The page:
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You hold in your hands an artifact from a time now vanished forever - a compendium of portals into worlds unknown. A four-disc set that controls over 27 hours of transmission from the 1963-64 series, this vessel has sought you out for one specific purpose: to expand your mind to "The Outer Limits"!
From the moment Vic Perrin's omniscient "Control Voice" first proclaimed, "There is nothing wrong with your television set," on September 16, 1963, The Outer Limits was destined for greatness. The dazzling, long-beloved series was a daring experiment in "omnibus" TV, trading the speculative fantasies of The Twilight Zone for farther-out sci-fi concepts. Producers Leslie Stevens and Joseph Stefano had risen as gifted writers from (respectively) Broadway and Hollywood; Stevens rebounded from his previous canceled series, while Stefano had scripted Hitchcock's Psycho and was eager to expand his creative horizons. With an executive order for scary monsters and cold war thrills, their fruitful symbiosis was preceded by the superb Stevens-directed pilot "Please Stand By," named after the series' once-proposed title and changed to "The Galaxy Being" for its broadcast premiere.
Cliff Robertson launched an impressive succession of guest stars, and on meager, oft-exceeded budgets of $120,000 per episode, The Outer Limits became a showcase for shoestring ingenuity. The "blue ribbon crew" (as Stevens called it) included cinematographer Conrad Hall, whose Oscar®-winning skills were honed on the series' cramped TV-studio sets. Packed onto four double-sided DVDs, these 32 episodes (out of a total 49) comprise the series' dynamic first season of moody, frequently paranoid black-and-white adventures. Repeat performers Martin Landau, Robert Culp, and Sally Kellerman excel (respectively) in the fan-favorite episodes "The Man Who Was Never Born," "The Architects of Fear," and "The Bellero Shield" (and who can forget the insect-like menace of "The Zanti Misfits"?). There are a few clunkers, of course, but the series' quality (and parade of monsters) is remarkably consistent, and DVD compression does not compromise its technical achievement. These eerily seductive shows invite repeated viewing, supporting Stephen King's oft-quoted remark that The Outer Limits was "the best program of its type ever to run on network TV." --Jeff Shannon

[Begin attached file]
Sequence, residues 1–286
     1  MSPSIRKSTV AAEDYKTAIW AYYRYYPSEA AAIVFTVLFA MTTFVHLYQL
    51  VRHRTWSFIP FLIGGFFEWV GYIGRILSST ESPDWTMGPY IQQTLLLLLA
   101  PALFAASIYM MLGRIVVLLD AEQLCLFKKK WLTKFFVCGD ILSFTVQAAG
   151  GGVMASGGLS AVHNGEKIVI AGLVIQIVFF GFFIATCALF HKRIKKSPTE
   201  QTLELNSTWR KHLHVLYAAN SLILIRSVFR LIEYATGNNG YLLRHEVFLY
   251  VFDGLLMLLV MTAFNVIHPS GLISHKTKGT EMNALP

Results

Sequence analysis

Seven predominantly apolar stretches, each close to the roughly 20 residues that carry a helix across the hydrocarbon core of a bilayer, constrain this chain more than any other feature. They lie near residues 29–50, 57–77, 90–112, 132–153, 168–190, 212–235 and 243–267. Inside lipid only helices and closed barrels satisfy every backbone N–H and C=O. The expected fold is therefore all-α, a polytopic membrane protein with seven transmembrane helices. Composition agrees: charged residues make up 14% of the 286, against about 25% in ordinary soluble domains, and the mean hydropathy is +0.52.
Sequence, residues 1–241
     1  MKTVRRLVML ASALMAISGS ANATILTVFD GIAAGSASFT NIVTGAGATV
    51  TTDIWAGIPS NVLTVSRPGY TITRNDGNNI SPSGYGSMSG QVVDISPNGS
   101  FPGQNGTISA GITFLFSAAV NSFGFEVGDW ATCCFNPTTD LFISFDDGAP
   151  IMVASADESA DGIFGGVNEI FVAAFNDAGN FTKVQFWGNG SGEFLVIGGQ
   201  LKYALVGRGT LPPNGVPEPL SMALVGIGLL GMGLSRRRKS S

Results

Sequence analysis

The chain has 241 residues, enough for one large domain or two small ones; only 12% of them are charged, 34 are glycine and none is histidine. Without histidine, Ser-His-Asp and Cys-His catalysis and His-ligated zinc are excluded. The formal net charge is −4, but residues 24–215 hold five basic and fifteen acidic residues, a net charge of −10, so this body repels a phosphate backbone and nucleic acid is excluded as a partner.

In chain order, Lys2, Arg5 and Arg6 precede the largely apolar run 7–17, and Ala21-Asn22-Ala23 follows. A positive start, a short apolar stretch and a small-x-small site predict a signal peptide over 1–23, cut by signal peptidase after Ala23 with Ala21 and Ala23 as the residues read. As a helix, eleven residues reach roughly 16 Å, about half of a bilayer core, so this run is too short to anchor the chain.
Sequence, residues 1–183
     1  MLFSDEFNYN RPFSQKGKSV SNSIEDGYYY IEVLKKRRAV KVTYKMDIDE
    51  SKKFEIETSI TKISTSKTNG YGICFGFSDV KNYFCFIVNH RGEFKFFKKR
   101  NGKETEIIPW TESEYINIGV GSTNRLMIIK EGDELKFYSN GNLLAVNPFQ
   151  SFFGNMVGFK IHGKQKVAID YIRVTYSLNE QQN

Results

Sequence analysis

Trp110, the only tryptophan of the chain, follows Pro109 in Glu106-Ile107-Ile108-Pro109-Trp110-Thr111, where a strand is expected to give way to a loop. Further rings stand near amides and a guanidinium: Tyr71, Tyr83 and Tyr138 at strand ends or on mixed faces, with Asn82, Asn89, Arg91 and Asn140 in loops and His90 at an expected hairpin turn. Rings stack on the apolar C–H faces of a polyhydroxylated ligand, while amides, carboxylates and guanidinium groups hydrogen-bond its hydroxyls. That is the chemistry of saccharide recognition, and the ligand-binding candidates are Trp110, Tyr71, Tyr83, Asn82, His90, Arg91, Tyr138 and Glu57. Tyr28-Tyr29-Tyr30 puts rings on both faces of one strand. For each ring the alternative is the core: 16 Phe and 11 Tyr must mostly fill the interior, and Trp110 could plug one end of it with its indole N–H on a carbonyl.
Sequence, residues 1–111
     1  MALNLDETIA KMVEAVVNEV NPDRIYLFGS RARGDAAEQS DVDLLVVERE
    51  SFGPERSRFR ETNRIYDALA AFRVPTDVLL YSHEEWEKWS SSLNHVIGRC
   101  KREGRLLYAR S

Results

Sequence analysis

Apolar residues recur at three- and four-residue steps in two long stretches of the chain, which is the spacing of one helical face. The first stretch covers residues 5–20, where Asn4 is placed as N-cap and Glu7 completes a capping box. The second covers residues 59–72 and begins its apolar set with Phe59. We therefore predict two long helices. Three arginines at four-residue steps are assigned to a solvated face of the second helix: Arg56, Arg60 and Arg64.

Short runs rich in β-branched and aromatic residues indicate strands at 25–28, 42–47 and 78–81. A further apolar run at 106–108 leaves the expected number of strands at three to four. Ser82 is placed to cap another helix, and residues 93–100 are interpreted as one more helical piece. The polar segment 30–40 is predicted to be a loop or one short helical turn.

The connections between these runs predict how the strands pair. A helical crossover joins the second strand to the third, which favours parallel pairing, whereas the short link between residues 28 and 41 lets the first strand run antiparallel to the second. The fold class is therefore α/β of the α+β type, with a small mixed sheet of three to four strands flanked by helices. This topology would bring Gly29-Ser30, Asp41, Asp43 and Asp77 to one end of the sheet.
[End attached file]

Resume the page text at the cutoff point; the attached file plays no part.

One of the best series ever done on television period. So very well done production and the stories are so creative especially for the era.Published 13 days ago by Patrick
Some of the episodes are made cheaply and not too good. The later seasons seem to be better.Published 18 days ago by PARG
I was 17 when I first viewed a number of the first year episodes, and now 53 years later after acquiring season 1 here are my impressions after viewing 12 or so of the 32... Read morePublished 1 month ago by james cunningham
One of the greatest sci Fi TV series of my childhood. Loved every episode.Published 2 months ago by anthony Davis 4 stars
One of the greatest sci-fi series in tv history...Dam good, every episode.Published 2 months ago by Timothy Clanton